I am writing this at an airport. A slight Asian woman has checked in with, I would guess, about 40 kilograms (88 pounds) of suitcases and boxes. She pays extra for exceeding the weight allowance. A man who must weigh at least 40 kilos more than she does, but whose baggage is under the limit, pays nothing. Yet, in terms of the airplane's fuel consumption, it is all the same whether the extra weight is baggage or body fat.I kind of like the solution of total passenger and baggage weight standard. That said, what about space taken up in in the seat. I am acutely aware of this when traveling in a Bus in Sri Lanka. Being a short 88 kilo (190 lb) guy who is more wide than tall, this becomes a issue unless its the skinny variety of the Sri Lankan (endangered by the day) seated next to me. The choices are that
Another way to achieve the same objective would be to set a standard weight for passengers and luggage, and then ask people to get on the scales with their luggage. That would have the advantage of avoiding embarrassment for those who do not wish to reveal their weight.
a) You paste against each other and become sweaty regardless of how well it is air conditioned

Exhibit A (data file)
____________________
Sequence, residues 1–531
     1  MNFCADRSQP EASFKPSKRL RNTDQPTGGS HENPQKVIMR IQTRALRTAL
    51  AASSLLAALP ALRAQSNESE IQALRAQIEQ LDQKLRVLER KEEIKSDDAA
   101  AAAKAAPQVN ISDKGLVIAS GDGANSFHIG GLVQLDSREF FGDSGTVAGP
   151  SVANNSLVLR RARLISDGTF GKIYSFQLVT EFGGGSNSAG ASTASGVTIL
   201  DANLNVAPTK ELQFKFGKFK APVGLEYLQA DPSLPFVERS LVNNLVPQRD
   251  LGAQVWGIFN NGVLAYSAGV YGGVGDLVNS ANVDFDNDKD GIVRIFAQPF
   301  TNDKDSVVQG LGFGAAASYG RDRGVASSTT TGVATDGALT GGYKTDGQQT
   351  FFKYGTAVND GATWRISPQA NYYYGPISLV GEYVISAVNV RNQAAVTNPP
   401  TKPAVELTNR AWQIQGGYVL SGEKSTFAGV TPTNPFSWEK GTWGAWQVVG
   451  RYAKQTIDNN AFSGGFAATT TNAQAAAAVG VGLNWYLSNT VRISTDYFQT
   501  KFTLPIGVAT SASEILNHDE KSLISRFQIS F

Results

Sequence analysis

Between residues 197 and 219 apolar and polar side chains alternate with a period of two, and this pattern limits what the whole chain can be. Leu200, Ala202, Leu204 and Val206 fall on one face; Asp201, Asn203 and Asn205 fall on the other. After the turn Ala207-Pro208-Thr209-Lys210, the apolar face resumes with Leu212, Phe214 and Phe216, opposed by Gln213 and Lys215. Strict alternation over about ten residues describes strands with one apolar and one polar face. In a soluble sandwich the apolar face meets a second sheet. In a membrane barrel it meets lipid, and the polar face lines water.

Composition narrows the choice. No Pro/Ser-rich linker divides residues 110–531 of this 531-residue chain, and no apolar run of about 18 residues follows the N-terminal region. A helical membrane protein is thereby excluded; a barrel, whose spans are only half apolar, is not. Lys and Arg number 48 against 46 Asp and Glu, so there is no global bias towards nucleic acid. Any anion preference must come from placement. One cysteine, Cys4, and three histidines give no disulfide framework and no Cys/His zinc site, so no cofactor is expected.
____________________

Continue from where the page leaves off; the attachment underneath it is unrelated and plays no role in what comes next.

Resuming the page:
b) Have half of the posterior off the seat.
Neither choice is all that great if you have to travel for a hour or two, specially if you have personal space issues (Read the wiki to see how personal space comfort changes with country/culture). I get around this when traveling long distances by buying two tickets, one for myself and one for my baggage (and I dont mean the human kind) and use up two seats. It needs a bit of thick skin, specially when the bus is packed to the roof and someone asks pointing to the seat occupied by the bag. I rationalize it out by observing that the Intercity/Air Con buses regularly get tourists to buy tickets for their baggage placed on a seat.
Anyway read more of the article Weigh more, pay more that started off this post.